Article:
Please keep in mind that all prices, hours, and menu items in the following listings are subject to change according to season, availability, or whim. You should call in advance to ensure the accuracy of anything of import to you.

Make sure to check out our “Best of” recommendations.

Of Beignets, Boudin & Dirty Rice

Many of the foods in New Orleans are unique to the region and consequently may be unfamiliar. This list that will help you navigate local menus:

Andouille (ahn-doo-we) -- A spicy Cajun sausage made with pork.

bananas Foster -- Bananas sautéed in liqueur, brown sugar, cinnamon, and butter, drenched in rum, set ablaze, served over vanilla ice cream.

barbequed shrimp -- Not actually grilled or BBQ-sauced, but a butter-soaked, garlicky, pepper-shot peel-and-eat Gulf specialty.

beignet (bin-yay) -- A big, puffy, deep-fried, hole-free doughnut, liberally sprinkled with powdered sugar—the more sugar, the better.

boudin (boo-dan) -- Cajun liver-and-rice sausage of varying spice levels.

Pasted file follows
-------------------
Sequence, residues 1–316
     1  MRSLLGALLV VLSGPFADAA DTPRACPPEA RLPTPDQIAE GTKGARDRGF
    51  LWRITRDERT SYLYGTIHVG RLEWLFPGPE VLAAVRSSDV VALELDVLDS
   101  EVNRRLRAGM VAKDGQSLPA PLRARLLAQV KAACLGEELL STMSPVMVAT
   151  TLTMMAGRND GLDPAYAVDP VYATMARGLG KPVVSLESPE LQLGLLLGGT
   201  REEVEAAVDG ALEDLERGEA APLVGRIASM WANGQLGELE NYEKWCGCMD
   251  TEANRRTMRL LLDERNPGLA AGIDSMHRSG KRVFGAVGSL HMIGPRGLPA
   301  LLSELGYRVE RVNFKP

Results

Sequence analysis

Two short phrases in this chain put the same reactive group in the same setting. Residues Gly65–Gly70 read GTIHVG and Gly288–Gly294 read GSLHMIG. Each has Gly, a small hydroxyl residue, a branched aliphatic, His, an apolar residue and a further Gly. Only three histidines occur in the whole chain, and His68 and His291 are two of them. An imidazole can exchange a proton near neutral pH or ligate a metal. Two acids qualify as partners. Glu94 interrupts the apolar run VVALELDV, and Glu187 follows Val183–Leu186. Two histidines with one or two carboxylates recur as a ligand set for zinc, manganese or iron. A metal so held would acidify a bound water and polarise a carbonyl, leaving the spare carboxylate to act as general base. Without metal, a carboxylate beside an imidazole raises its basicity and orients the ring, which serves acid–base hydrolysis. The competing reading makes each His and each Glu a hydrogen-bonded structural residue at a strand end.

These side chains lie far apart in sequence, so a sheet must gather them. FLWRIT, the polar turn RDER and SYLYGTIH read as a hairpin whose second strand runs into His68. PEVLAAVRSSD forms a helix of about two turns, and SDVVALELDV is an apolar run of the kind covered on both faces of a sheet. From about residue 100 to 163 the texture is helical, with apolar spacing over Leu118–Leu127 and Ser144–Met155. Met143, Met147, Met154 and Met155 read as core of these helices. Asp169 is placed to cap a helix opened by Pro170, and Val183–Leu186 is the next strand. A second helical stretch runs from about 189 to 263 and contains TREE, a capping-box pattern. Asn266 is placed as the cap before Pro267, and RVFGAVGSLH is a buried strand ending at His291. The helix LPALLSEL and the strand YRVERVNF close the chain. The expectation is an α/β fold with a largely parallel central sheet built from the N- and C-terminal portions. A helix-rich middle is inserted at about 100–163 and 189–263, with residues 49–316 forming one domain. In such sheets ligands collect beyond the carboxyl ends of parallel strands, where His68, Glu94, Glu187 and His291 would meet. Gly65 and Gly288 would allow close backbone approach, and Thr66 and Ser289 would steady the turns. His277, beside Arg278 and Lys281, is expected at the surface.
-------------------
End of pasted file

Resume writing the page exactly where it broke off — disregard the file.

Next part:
café brûlot (cah-fay brew-low) -- Coffee, spices, and liqueurs, served flaming.

crawfish -- A tiny, lobsterlike creature common locally and eaten in every conceivable way, including boiled whole with spices and peeled by hand.

debris -- The rich, juicy bits of meat that fall off during roasting and carving.

dressed -- A “dressed” po’ boy comes with lettuce, tomato, mayonnaise, and sometimes pickles.

étouffée (ay-too-fay) -- A Cajun stew (usually containing crawfish or shrimp) served with rice.

filé (fee-lay) -- Ground sassafras leaves, frequently used to thicken gumbo.

gumbo -- A thick, spicy soup of poultry, seafood, and/or sausage, with okra in a roux base, served with rice. Gumbo z’herbes, a Good Friday tradition, eschews meat for greens.

holy trinity -- Onions, bell peppers, and celery: the base of much Creole and Cajun cooking.

Hurricane -- A local drink of rum and passion-fruit punch.

jambalaya (jum-ba-lie-ya) -- A stew of yellow rice, sausage, seafood, poultry, vegetables, and spices.